Has your temporomandibular joint disorder ever hurt so badly that you just wished you could throw out your old temporomandibular joint and get a whole new one? Well, the good news is that in the future you may be able to do just that. For now, however, that procedure is reserved for very rare cases, such as the recent case of a man in Cyprus who received a new temporomandibular joint following cancer treatment.
Temporomandibular joint disorder can take the pleasure out of many things most people take for granted: singing, talking - even Halloween. That’s right. Halloween should be a fun day full of candy and costumes, but for someone with TMJ disorder, it can be a real nightmare. That’s because TMJ disorder can make normally enjoyable activities painful. But Halloween doesn’t have to be scary for your TMJ disorder! Here are some TMJ-disorder-friendly Halloween tips for the most spooktacular Halloween ever.
You’ve probably heard of - and seen - an overbite before. But a lesser-known bite problem that occurs in only about 10 percent of the population is an underbite. An underbite is what happens when the lower jaw protrudes past the upper jaw. Not only is this type of misaligned bite more noticeable, but it can also unfortunately subject children to bullying and low self-esteem, among many other issues.
It’s not always easy being a woman - especially when it comes to your temporomandibular joint. That’s because, according to research, women ages 20 to 35 experience the most severe temporomandibular joint disorder symptoms of any age or gender group.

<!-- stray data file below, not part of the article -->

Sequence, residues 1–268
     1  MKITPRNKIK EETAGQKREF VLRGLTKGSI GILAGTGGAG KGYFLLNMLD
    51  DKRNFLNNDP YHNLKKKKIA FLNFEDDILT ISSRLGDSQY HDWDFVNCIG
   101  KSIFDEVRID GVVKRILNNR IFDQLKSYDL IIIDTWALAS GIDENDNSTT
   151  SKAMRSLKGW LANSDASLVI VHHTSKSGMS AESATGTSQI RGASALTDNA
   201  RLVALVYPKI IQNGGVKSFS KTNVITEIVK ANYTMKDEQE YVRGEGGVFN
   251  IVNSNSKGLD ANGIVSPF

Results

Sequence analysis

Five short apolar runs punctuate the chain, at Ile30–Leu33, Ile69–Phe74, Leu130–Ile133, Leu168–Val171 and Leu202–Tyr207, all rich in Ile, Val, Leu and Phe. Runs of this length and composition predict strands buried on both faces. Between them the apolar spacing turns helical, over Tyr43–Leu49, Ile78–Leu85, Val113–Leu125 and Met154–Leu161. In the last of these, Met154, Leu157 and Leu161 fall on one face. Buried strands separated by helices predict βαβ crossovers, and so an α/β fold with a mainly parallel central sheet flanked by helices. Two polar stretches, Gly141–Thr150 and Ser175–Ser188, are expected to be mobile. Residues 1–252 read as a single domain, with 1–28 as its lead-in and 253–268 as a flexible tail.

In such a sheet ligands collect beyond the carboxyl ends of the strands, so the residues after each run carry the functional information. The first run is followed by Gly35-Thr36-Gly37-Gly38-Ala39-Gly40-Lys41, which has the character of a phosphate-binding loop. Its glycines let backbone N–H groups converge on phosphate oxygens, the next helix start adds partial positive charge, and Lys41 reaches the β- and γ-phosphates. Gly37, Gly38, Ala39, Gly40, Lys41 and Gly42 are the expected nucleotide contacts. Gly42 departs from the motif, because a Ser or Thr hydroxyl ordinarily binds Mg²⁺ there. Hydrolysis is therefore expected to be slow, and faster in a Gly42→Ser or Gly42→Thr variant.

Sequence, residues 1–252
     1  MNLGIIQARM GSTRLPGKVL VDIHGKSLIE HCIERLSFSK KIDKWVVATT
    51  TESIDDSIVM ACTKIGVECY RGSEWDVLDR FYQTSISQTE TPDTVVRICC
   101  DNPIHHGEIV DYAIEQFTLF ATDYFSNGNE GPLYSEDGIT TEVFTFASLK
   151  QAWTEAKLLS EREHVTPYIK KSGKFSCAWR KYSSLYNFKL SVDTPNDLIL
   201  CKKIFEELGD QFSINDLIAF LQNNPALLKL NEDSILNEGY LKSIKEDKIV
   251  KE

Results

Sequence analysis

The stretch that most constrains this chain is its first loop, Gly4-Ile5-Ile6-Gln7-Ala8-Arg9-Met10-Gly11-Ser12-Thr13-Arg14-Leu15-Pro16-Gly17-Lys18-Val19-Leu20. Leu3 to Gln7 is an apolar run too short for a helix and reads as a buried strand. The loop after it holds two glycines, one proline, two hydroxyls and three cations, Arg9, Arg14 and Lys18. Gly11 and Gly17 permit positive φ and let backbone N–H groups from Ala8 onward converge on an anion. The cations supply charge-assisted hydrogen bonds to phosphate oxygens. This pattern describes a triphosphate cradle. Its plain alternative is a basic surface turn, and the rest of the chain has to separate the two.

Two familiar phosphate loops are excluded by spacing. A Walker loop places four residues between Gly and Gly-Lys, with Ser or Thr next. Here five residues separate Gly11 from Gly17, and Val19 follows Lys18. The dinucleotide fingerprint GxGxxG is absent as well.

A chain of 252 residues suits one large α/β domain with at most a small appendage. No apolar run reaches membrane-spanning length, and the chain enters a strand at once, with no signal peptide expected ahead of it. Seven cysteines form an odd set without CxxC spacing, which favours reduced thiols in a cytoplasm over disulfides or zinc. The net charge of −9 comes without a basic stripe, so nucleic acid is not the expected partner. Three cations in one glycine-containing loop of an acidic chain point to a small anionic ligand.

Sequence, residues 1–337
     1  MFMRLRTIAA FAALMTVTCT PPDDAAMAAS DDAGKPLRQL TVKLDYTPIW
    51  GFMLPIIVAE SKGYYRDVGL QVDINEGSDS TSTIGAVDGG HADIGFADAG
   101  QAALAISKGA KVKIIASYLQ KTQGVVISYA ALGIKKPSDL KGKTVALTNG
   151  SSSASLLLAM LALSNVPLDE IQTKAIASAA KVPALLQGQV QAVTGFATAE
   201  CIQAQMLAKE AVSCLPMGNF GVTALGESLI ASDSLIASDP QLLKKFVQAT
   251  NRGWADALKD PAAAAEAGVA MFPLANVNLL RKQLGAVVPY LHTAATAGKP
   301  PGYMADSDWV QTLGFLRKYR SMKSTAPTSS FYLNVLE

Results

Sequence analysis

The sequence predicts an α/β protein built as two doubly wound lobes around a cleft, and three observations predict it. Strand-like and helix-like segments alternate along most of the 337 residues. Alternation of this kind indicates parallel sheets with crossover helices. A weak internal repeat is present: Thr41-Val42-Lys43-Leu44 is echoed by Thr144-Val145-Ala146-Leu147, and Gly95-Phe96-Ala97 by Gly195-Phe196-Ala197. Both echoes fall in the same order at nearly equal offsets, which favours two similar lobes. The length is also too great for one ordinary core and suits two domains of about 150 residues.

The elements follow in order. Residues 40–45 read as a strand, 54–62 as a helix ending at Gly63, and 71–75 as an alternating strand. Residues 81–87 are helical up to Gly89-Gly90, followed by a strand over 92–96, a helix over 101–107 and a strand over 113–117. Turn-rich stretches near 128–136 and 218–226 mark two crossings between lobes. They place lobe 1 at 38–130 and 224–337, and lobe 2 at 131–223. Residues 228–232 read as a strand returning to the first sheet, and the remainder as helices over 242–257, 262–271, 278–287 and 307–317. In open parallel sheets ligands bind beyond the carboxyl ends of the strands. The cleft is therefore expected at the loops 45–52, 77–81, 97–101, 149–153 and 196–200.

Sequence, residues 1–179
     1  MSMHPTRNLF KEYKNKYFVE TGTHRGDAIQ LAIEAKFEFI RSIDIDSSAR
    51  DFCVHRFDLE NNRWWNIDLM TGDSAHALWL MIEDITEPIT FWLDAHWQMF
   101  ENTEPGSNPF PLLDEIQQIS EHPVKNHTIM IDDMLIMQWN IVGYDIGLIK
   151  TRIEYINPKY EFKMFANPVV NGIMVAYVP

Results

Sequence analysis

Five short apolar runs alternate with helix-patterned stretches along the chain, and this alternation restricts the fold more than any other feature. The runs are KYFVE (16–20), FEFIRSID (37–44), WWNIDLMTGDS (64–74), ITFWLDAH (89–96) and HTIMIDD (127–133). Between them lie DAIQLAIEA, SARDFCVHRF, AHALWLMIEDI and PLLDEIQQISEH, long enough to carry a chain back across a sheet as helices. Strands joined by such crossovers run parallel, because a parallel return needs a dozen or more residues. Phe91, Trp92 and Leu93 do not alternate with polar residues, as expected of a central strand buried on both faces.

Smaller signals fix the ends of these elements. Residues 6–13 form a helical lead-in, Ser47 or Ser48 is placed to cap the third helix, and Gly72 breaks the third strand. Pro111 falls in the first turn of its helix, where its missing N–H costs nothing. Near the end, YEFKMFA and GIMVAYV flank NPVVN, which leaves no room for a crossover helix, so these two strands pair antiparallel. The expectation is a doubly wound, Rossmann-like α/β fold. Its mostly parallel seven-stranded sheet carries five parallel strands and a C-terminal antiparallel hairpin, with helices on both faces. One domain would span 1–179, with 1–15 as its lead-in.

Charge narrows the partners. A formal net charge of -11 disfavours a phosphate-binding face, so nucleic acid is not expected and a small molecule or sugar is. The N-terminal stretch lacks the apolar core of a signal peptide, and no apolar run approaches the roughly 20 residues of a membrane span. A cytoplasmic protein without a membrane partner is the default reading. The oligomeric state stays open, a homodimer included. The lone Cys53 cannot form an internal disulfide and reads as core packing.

For people who suffer from both migraines and temporomandibular joint disorder (TMD), the two conditions can seem so bad they’re related. Now, a new study by the National Institute of Health (NIH) has discovered they might be.
An estimated 12 percent of Americans suffer from debilitating migraine headaches - headaches that in addition to causing agonizing pain can cause everything from nausea to light sensitivity and dizziness. But while for some of those migraine sufferers, the pain stops there, the NIH has revealed that those who suffer from migraines are three times more likely to suffer from another debilitating condition: TMD.
If you’re one of the 10 million Americans suffering from temporomandibular joint disorder, or TMD for short, you’re probably already aware of the many different types of pain TMD causes. In addition to the jaw pain that is synonymous with TMD (after all, the temporomandibular joint is in the jaw), you may experience pain in other areas of the head and body. But for the millions of estimated undiagnosed TMD patients, their pain may not be an obvious clue. That’s because as TMD sufferers are probably already aware, every case of TMD is different, and the pain isn’t always in the jaw.